We made it to the radio towers a little before 7:00am, just below 11,000 ft. Not knowing exactly what was ahead in terms of parking or turning around, we parked here. On my maps, I marked three additional camping/parking spaces up the road, as well as the last decent place to turn a vehicle around in case all the spots are full. The road does get progressively narrower as you climb up, so I'd recommend not going any further than the first switchback past the radio towers.
We started hiking up the road at about 7:10am. From the radio towers, you could see the summit, and a cloud was parked squarely over the top, as well as to Mt. Harvard to the north, yet Buena Vista was mostly clear, except for fog covering the valley floor. We left from the 4WD road a little before 8:00am, covering about 1.5 miles in very little time - then the trail got serious. The spur off the road ascended steeply up to the grassy shoulder above us, where the summit of Princeton became visible once again. We didn't spend long hiking on a nice trail through the tundra before the trail turned into a boulder-hop on talus. I noticed on a 1994 USGS Topo Quad of the area that it indicates that the trail to the mine at 13205 ft below the summit is a 4WD road - this is most definitely not the case; Roach's book even calls it Class 1 until the trail splits and heads to the saddle. Instead, this was definitely easy class 2 boulder stepping and hopping on a semi-defined trail (which, thanks to the snow, was nice and icy for us). After about a quarter of a mile, the trail became slightly more defined and easier to follow, but the snow also got a bit deeper (only a few inches), so trailblazing was a bit of a challenge. We were obviously the first up the mountain since the snow, as there were no footprints to follow at all in the thin snow - in fact, we only saw four others on the mountain that day (I guess everyone else decided to sleep in and stay warm)!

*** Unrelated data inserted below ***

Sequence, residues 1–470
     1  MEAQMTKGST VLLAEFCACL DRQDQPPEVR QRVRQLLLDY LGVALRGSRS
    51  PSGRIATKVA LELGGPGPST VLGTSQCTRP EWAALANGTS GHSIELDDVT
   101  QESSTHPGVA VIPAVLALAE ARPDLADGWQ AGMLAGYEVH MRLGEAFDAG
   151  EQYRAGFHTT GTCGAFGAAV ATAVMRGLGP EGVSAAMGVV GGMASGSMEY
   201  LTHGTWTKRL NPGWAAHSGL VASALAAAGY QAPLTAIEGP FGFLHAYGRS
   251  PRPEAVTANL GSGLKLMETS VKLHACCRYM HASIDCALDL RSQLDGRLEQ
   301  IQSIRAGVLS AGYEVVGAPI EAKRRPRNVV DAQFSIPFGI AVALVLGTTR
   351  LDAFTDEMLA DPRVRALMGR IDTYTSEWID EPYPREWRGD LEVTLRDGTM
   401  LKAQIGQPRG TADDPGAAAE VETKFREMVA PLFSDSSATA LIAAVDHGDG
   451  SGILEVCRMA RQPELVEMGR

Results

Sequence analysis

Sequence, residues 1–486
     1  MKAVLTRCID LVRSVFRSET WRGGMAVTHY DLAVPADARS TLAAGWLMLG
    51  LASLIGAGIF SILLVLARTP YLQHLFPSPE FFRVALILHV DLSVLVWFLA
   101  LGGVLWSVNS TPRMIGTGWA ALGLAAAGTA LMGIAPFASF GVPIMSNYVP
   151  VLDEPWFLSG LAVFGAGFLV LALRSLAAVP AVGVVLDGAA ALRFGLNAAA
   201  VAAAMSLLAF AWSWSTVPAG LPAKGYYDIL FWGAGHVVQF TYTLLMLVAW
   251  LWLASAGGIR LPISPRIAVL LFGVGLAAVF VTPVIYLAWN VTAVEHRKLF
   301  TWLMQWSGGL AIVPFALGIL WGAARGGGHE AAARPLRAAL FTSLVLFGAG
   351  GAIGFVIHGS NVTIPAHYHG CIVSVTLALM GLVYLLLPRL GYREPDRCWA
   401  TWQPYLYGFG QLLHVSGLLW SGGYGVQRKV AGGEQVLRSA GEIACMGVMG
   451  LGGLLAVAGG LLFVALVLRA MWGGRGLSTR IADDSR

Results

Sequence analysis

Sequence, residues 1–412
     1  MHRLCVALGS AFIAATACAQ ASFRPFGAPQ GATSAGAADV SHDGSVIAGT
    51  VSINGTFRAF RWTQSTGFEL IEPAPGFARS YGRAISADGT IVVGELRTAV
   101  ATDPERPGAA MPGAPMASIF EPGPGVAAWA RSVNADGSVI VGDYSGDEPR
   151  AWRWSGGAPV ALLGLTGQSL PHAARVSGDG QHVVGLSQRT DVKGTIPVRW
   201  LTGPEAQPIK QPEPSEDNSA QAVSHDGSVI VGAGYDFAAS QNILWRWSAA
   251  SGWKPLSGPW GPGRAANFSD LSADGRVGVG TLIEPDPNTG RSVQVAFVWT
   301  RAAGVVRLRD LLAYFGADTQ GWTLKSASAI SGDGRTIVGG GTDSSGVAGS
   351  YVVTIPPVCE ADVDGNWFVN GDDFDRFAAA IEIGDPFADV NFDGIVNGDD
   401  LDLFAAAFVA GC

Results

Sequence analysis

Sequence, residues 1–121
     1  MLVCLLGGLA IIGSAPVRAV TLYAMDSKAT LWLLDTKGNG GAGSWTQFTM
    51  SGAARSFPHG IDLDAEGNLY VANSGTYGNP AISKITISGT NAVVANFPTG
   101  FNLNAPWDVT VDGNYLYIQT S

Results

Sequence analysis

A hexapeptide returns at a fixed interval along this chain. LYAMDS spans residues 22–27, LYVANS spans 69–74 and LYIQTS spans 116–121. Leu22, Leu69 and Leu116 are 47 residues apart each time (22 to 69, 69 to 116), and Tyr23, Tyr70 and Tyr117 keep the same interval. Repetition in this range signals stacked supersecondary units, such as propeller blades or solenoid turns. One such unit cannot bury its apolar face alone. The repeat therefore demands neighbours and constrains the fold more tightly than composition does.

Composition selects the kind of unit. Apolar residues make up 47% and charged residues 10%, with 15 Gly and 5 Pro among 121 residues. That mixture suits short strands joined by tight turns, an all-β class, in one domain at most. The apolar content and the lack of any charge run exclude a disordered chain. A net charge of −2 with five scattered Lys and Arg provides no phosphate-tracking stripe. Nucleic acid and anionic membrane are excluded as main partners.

By this point, a very strong gusty wind was hitting us from the south - strong enough to require a bit of effort not to get blown over. We threw on our wind/rain shells, which helped a bit, but we'd forgotten to bring our ski goggles so the wind caused our eyes to tear up a bit.
The trail continued to ascend gently up the valley wall until it broke from the trail to the old mine and switchbacked up to the saddle. At this point, the route was pretty well cairned so it wasn't hard to ascend. We made it to the ridge by 9:30am. Once up on the ridge, the wind returned and the trail disappeared. We occasionally spotted cairns, but we had reverted back to boulder hopping again, except this time with more snow on each rock. We'd slip and fall occasionally, then notice a cairn about 5 feet above us, realizing that we're not really on the proper path. After a few hundred feet of this, the path leveled out and the boulder hopping eased up - it seemed to ebb and flow like this, but then our luck changed.